Author Archive for
Alex Geisinger

Reputational Limits Continued

by Alex Geisinger

I thank everybody for their comments regarding the reputational posts. I think this conversation has been excellent up to now and hope this post will add some substance as we approach, what seems to me, to be some agreement regarding the reputational element of rational choice. Before I begin, let me also be clear about my terminology. I agree with Andrew regarding the notion of internalization. To me, internalization is analogous to a preference change within a state (to the extent we assume a state can have a preference). As Andrew points out in his response to my earlier post, I believe there may be many different mechanisms at play in this process. However, given that I take my charge here to be to focus on the explanatory value of Andrew’s rational choice account of international law, I do not fully consider these alternative models.

So, to the extent we are testing the rational choice framework, I move forward with my thoughts in hopes to approach some understanding of the theory’s benefits and limits in the area of reputation. As I understand Andrew’s response, we are in general agreement that some force which we loosely call “reputation” exists and that it probably does a lot of “heavy lifting” when it comes to garnering human rights treaty ratification. I’m not sure there’s agreement on this but it seems fair to at least assume that if reputation affects willingness to ratify in human rights treaties, it also works similarly with regards to other types of treaties and perhaps in other areas of international law. I think, as well, we agree that a very parsimonious rational choice theory cannot fully account for the reputational force or that, at least, Andrew has not provided a full account of the reputational force as it applies to ratification in his book.

If we agree that the reputational force cannot be fully captured in a parsimonious theory, then the question I raise is how this limitation affects the explanatory power of the the theory as a whole? That is, if the reputational force influences state decision-making but we do not have a sense of exactly how this force works, doesn’t this limit the explanatory power of the rest of the rational choice theory? This is particularly the case if we assume the reputational force to be a powerful and pervasive one and is, of course, less the case if we assume the reputational force to be weak and of limited influence. My own sense is that the ability of the reputational force to do the “heavy lifting” in human rights treaty ratification suggests it can be a relatively powerful force. My own work in the area of norm development and origin also suggests to me that reputational forces are pervasive.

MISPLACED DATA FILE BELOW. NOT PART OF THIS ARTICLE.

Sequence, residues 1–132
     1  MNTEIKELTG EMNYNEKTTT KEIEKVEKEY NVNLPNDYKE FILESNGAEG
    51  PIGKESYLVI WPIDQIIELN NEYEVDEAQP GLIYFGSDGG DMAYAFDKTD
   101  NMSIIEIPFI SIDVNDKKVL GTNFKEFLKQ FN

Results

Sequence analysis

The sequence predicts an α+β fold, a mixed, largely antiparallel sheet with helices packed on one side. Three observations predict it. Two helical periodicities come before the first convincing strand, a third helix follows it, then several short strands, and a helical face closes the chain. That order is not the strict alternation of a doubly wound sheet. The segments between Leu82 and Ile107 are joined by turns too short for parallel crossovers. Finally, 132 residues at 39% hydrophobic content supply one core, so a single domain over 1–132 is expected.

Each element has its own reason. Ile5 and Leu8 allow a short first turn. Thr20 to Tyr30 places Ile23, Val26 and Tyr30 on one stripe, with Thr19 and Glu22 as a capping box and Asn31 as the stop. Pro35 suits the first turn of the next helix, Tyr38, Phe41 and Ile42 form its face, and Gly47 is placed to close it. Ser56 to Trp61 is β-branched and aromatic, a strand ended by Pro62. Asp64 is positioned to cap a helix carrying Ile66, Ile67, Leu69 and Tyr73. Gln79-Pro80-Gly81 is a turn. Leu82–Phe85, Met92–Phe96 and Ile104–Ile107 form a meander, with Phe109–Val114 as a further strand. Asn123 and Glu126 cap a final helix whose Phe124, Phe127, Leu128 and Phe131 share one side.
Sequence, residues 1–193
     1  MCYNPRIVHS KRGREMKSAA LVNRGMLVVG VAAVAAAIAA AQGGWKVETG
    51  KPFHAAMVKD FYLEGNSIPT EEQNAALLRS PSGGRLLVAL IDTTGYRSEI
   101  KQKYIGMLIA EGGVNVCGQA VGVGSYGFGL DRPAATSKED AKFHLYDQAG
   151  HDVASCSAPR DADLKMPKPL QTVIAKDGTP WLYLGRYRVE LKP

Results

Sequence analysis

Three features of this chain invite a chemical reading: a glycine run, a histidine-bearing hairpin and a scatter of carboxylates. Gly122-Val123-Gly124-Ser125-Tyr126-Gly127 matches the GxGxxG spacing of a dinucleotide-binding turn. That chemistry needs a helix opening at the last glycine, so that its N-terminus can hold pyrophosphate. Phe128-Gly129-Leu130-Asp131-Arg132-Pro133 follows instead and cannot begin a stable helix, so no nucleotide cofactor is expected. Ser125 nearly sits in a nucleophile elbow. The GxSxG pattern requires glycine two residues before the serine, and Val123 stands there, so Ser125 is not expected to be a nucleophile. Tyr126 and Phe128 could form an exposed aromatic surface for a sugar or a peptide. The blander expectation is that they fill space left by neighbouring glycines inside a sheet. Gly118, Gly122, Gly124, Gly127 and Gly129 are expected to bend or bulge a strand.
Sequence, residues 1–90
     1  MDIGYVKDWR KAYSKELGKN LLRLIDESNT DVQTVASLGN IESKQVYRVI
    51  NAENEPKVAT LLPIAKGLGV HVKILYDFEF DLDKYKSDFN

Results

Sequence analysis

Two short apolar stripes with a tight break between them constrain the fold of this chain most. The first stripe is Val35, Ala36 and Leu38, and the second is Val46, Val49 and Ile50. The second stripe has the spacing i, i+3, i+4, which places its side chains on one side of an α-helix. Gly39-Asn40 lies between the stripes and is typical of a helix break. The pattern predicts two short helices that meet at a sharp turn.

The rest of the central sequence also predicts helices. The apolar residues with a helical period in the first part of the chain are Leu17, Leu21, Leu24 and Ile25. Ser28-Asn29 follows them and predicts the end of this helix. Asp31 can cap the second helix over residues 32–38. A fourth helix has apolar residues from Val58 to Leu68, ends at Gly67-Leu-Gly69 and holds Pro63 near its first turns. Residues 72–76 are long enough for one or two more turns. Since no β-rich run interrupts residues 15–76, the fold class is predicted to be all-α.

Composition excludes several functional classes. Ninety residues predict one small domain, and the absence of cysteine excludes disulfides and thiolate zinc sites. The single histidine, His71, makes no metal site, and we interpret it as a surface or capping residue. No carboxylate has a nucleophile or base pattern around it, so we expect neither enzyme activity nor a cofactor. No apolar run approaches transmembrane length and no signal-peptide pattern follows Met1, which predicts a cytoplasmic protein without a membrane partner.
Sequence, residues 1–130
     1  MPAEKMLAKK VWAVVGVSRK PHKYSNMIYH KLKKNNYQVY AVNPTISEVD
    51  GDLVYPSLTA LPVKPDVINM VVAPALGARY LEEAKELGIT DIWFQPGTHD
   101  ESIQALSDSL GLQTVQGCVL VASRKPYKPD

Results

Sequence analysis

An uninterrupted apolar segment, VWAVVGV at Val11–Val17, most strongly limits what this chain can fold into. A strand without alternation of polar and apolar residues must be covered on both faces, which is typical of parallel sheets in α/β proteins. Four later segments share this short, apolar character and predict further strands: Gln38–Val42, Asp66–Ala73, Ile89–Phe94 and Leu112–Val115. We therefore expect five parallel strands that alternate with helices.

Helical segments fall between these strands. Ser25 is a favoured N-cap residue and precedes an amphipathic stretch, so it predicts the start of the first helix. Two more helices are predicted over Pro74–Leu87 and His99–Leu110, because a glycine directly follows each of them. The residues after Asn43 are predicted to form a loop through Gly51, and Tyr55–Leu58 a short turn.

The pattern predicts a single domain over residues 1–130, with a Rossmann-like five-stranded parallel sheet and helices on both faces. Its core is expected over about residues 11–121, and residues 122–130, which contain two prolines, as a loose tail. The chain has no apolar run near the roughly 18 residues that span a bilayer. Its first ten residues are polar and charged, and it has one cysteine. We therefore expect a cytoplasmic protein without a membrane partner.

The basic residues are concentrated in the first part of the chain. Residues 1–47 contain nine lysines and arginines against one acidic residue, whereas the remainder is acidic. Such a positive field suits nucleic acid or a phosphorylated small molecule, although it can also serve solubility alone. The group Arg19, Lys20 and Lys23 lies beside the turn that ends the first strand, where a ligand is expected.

There is, of course, no doubt that Andrew’s elegant description of how rational self-interested states may create and comply with international law has great value. Among other things, he has provided us with a springboard for an important discussion of how rational choice theories explain international law. In his response to my earlier post, Andrew suggested that he believes reputational influences can, ultimately, be explained fully by rational choice theories. As my earlier post suggests, I believe that other processes may account for the reputational influence as well and I look forward to a continued dialogue regarding these issues. Before entering such a dialogue, however, I will ask for everyone’s thoughts on the issue I raise here regarding the limits of reputation in rational choice. I am, of course, also interested in knowing whether I have properly identified areas of agreement and disagreement and any other issues with my analysis.

Reputation and Rational Choice: Some Limits?

by Alex Geisinger

I’d like to thank everyone involved for having me. I, too, look forward to an engaging discussion.

Let me state from the outset that I agree with Professor Guzman regarding the nature of the debate. I believe there are interesting things to be learned from rational choice approaches as well as from constructivist and other approaches to international law. I have just finished a review, along with my co-author, Michael Stein, of How Rational Choice Works for the Michigan Law Review and much of the review we wrote reflects this general point.